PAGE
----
Army Names General To Investigate Bergdahl’s Disappearance

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WASHINGTON (MCT) — The Army said Monday it had named a two-star general to investigate the disappearance and capture of Sgt. Bowe R. Bergdahl in Afghanistan, a possible step toward a formal finding that he left his base without authorization.

Maj. Gen. Kenneth R. Dahl, who formerly served as deputy commander of U.S. forces in Afghanistan, will investigate the “the facts and circumstances surrounding” Bergdahl’s capture in June 2009, when he left a combat base near the Pakistani border and was taken prisoner, eventually falling into Taliban hands.

Bergdahl was exchanged last month for five Taliban detainees held at the U.S. prison at Guantanamo Bay and is now receiving treatment at Brooke Army Medical Center in San Antonio.

In its statement Monday, the Army said Dahl will not interview Bergdahl until the team of doctors and therapists who are treating him give their permission. “No timeline for completion of the investigation has been set,” the statement said.

“The Army’s top priority remains Sgt. Bergdahl’s health and reintegration,” it added.

Pentagon officials said that Dahl’s primary task is getting Bergdahl’s account of what happened to him during his nearly five years in captivity.

A previous investigation in 2009, which has not been made public, concluded that Bergdahl left his post without permission after growing disenchanted with the Army and the war in Afghanistan, according to officials familiar with the findings. Bergdahl has said in a video released by his captors that he was captured after falling behind on a patrol.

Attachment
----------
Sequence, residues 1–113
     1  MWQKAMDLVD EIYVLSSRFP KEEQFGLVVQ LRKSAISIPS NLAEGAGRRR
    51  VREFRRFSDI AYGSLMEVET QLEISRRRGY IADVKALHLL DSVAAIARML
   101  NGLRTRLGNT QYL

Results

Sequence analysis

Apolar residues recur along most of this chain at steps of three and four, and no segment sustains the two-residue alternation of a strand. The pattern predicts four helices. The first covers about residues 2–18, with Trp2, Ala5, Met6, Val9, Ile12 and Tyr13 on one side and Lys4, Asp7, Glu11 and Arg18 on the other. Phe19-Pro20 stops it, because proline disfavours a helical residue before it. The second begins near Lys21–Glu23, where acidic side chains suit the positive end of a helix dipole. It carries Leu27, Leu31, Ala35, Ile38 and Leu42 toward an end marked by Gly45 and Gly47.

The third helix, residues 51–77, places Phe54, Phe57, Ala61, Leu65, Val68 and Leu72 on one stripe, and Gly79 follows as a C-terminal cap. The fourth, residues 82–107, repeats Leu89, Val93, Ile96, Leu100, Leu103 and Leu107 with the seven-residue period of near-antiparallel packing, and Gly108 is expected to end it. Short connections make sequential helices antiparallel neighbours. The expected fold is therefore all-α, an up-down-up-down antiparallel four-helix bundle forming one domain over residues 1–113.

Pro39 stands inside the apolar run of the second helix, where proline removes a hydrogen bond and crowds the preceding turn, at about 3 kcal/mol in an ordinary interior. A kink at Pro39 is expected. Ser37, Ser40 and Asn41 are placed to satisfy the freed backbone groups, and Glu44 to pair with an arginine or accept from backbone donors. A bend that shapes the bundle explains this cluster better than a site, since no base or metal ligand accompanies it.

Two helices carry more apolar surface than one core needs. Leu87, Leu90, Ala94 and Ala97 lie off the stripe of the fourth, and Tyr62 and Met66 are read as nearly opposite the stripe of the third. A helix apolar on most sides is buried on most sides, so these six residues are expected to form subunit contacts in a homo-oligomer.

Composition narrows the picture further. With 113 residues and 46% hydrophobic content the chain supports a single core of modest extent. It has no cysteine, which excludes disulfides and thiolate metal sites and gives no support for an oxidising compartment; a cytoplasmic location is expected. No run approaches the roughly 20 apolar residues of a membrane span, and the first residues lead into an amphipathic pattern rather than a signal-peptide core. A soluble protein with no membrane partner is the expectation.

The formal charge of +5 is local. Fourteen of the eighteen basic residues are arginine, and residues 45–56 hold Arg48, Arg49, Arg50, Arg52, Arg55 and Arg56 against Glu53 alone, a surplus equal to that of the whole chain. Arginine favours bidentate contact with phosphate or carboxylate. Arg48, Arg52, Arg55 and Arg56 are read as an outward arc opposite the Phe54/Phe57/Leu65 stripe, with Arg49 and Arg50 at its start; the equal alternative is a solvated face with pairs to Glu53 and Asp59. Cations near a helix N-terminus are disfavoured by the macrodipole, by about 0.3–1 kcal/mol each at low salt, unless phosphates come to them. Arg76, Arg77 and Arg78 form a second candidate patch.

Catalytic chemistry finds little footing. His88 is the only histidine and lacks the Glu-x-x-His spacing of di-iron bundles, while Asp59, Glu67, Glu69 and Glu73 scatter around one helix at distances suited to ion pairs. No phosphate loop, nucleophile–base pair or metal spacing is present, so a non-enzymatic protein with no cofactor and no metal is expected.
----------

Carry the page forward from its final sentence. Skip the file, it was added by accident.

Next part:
“These types of investigations are not uncommon and serve to establish the facts on the ground following an incident,” the Army said in a written statement.

Dahl will have access to the 2009 investigation, the Army said.

The prisoner exchange has prompted sharp criticism of the Obama administration by some Republicans in Congress who contend that the deal violated a U.S. policy against negotiating with terrorists and that the U.S. gave up too much to get Bergdahl back.

But Obama and top Pentagon officials have responded that they believed the deal was their last chance to get a possibly ailing Bergdahl back and that not doing the swap of prisoners would have breached a long-standing practice of getting back members of military who are taken captive.

Dahl is deputy commanding general of 1st Corps at Joint Base Lewis-McChord in Washington State. He served as deputy commanding general of the 10th Mountain Division in southern Afghanistan from 2010 to 2012, and returned in 2012 as a deputy commander of U.S. Forces Afghanistan, according to his Army biography.

–David S. Cloud
Tribune Washington Bureau

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